Since December 2020 when the lawsuit started, the San Francisco based payment company has managed to deny the allegation that Ripple sold its XRP token in an unregistered securities offering. Now in the long-running legal struggle between Ripple and the US Securities and Exchange Commission, a new twist has arisen and the SEC has secured a major win. Magistrate Judge Sarah Netburn decided in the agency's favour and ordered Ripple, the creator of the XRP cryptocurrency, to produce the recordings of its internal meetings.
After a lengthy back-and-forth between the parties, the SEC's motion to compel was granted as expected. In the November 8 order, Judge Netburn conceded to the SEC’s request and ordered Ripple to hand over audio and videotaped recordings of its internal meetings “without delay” to avoid the postponement of the discovery deadline.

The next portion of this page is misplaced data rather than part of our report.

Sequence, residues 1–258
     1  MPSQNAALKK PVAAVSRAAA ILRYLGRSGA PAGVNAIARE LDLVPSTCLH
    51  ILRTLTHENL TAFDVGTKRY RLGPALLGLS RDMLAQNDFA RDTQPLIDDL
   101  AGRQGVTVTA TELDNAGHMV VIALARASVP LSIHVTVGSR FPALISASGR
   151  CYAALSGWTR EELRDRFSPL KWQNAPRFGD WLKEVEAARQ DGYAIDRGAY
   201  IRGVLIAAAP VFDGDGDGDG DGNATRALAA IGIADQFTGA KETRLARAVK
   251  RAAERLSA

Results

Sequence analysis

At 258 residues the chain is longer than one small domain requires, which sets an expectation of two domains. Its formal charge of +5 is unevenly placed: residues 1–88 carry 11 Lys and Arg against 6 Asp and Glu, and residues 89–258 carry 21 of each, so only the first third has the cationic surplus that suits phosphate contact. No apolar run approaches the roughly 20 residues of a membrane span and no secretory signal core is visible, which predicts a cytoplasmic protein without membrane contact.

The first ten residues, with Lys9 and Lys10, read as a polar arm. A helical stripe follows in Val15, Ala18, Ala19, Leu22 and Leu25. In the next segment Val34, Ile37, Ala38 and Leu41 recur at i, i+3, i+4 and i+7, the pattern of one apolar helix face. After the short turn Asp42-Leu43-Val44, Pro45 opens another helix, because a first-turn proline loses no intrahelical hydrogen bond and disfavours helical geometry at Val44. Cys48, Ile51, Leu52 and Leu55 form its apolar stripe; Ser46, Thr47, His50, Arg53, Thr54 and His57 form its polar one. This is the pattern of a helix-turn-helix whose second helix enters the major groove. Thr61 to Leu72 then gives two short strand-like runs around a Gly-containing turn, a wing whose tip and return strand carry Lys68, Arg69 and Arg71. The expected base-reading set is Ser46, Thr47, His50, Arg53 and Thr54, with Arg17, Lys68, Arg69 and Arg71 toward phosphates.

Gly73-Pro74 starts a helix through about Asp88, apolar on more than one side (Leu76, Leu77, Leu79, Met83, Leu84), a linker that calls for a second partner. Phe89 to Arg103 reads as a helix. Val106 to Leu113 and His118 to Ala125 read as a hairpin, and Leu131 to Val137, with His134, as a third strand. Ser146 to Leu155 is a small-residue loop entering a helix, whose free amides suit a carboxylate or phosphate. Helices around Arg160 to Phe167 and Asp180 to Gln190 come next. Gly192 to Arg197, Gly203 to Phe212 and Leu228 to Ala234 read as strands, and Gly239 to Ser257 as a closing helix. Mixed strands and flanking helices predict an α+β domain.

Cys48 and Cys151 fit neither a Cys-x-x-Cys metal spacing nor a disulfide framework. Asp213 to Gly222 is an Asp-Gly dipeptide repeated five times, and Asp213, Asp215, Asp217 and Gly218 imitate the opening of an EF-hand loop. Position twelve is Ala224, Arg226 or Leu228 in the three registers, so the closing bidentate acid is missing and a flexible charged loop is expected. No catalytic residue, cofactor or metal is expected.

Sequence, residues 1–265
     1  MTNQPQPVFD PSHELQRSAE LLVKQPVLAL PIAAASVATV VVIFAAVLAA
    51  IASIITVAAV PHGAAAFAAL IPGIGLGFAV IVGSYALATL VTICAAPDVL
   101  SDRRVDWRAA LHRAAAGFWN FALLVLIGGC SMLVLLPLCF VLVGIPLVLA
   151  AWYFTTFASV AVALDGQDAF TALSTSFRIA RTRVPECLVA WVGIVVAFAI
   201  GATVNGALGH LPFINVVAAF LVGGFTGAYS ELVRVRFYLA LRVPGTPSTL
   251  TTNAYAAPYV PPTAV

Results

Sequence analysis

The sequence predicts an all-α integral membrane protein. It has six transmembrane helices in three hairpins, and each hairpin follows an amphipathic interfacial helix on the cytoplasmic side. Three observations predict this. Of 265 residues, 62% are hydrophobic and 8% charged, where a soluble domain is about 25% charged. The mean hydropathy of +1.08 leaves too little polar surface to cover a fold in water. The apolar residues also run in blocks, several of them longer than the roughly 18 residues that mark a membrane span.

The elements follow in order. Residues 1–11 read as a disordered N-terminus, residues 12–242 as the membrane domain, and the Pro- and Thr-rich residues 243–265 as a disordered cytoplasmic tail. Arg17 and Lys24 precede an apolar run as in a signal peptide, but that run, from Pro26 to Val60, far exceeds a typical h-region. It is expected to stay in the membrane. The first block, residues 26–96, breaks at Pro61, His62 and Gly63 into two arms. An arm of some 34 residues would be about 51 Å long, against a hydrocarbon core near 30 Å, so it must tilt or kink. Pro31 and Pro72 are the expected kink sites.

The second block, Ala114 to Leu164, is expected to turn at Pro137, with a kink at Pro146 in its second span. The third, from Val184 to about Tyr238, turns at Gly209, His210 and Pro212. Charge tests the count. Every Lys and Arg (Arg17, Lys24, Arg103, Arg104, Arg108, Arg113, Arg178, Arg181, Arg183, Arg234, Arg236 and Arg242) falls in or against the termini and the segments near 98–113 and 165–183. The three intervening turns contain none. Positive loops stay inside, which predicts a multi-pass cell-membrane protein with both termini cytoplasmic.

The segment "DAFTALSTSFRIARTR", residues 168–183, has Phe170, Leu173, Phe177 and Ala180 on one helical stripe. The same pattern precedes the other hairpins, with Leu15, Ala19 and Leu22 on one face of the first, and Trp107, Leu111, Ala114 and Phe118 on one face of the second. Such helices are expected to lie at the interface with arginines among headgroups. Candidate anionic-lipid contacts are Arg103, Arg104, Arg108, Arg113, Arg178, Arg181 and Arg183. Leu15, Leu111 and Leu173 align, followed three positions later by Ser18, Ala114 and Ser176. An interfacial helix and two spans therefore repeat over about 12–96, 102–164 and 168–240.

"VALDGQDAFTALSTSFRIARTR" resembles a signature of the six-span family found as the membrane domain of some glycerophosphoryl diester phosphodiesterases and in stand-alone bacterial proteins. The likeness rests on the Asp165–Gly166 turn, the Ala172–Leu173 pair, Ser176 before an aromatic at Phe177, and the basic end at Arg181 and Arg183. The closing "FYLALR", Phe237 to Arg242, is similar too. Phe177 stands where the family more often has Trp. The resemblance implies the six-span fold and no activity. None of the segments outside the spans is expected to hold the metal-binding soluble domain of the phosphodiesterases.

Ripple and the SEC have been going back and forth over additional documents. In August, the Securities and Exchange Commission filed a motion to compel the San Francisco-based distributed ledger company to produce recordings. Ripple initially objected to the request, calling it "burdensome," but later agreed to seek for all relevant recordings later in September. However, in early October, Ripple asked the judge to dismiss the SEC's move because it was "plainly disproportionate."

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